Major League Soccer and the NBC Sports Group announced earlier today that they have entered into a three-year deal that will see 45 MLS matches and four U.S. Men's National Team matches broadcast across NBC and Versus (soon to be known as the NBC Sports Network) a year starting in 2012. NBC will replace Fox Soccer Channel as the league's secondary national English broadcast partner in a move that is sure to excite everyone involved in MLS: its Commissioner and league office, its teams, its sponsorship partners and, perhaps most importantly, its fans. In all, each year NBC Sports Network will broadcast 38 regular season matches, three playoff matches and two USMNT matches, while NBC will broadcast two regular season matches, two playoff matches and two USMNT matches.
This is truly a landmark agreement for Major League Soccer that SportsBusiness Daily's John Ourand reports is worth $10 million per year -- which is a significant increase over the $6.25 million that Fox Soccer is paying this year to broadcast about ten fewer matches, and the $8.5 million that ESPN pays per year to broadcast about 20 fewer matches. But, of course, the most important factor in this deal is not related to the financials (although those are certainly important), but the exposure that this deal will provide MLS and its teams. It's no secret that Fox Soccer has been run on a rather shoestring budget since its launch -- all you have to do is turn on the channel and that much is obvious. NBC and NBC Sports Network provide a much, much more well known platform for MLS, and one that is seen in so many more homes. Fox Soccer is in about 39 million homes (many of whom are paying several dollars a month extra to receive it -- and not in HD), while Versus/NBC Sports Network is currently in about 76 million homes and rising. Of course, ESPN and ESPN2 are in well over 100 million homes, and NBC is in just about every home in this country with a television, but the instant jump in available viewers is huge just the same.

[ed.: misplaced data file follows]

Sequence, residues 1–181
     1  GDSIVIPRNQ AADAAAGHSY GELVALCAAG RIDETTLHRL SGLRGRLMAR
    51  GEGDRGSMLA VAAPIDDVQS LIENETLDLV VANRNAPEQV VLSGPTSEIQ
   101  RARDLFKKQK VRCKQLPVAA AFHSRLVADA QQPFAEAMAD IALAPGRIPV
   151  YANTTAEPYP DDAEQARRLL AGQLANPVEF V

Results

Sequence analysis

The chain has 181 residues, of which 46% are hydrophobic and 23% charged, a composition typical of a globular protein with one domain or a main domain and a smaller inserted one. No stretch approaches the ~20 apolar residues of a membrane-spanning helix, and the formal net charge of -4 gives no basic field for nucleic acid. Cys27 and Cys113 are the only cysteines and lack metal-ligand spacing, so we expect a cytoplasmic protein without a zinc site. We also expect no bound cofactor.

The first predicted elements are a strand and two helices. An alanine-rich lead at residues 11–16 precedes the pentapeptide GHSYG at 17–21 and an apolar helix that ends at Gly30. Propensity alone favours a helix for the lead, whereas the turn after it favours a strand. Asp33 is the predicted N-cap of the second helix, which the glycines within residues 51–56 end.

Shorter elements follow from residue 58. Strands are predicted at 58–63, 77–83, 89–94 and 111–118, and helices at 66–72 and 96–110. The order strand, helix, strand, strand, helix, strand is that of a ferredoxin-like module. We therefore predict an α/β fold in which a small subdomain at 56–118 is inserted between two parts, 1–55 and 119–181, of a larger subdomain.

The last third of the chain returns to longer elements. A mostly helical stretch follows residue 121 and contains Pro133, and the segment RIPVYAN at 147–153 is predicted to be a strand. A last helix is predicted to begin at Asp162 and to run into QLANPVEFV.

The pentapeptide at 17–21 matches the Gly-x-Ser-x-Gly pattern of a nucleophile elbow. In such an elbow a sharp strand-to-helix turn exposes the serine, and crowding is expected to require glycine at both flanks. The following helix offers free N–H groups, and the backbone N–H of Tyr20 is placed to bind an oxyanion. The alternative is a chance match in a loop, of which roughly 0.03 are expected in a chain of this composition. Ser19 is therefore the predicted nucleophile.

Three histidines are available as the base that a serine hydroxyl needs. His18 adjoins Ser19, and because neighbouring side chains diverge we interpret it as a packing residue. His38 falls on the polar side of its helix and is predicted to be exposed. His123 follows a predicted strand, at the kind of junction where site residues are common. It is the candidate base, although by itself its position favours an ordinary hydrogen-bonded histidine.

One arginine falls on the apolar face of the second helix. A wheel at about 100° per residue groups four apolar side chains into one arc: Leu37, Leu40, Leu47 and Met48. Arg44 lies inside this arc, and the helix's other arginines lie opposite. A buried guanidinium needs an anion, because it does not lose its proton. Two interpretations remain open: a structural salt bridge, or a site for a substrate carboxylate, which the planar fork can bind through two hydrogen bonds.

Perhaps more importantly, now that Versus/NBC Sports Network is under the control of NBC, they will use their broadcast of the Summer Olympics in London next summer to further catapult NBC Sports Network into additional homes. What cable or satellite provider wants to start hearing it from their customers when they can't watch some of the Olympics because it's on a channel from a brand they recognize (NBC) they don't get? Looking a little further down the road, as NBC's carriage deals with cable and satellite providers begin to near their expiration date and new negotiations begin, you better believe that NBC is going to make sure that NBC Sports Network is in every single home (and on the same basic packages) that CNBC, MSNBC, USA, Bravo, and their other major cable channels are.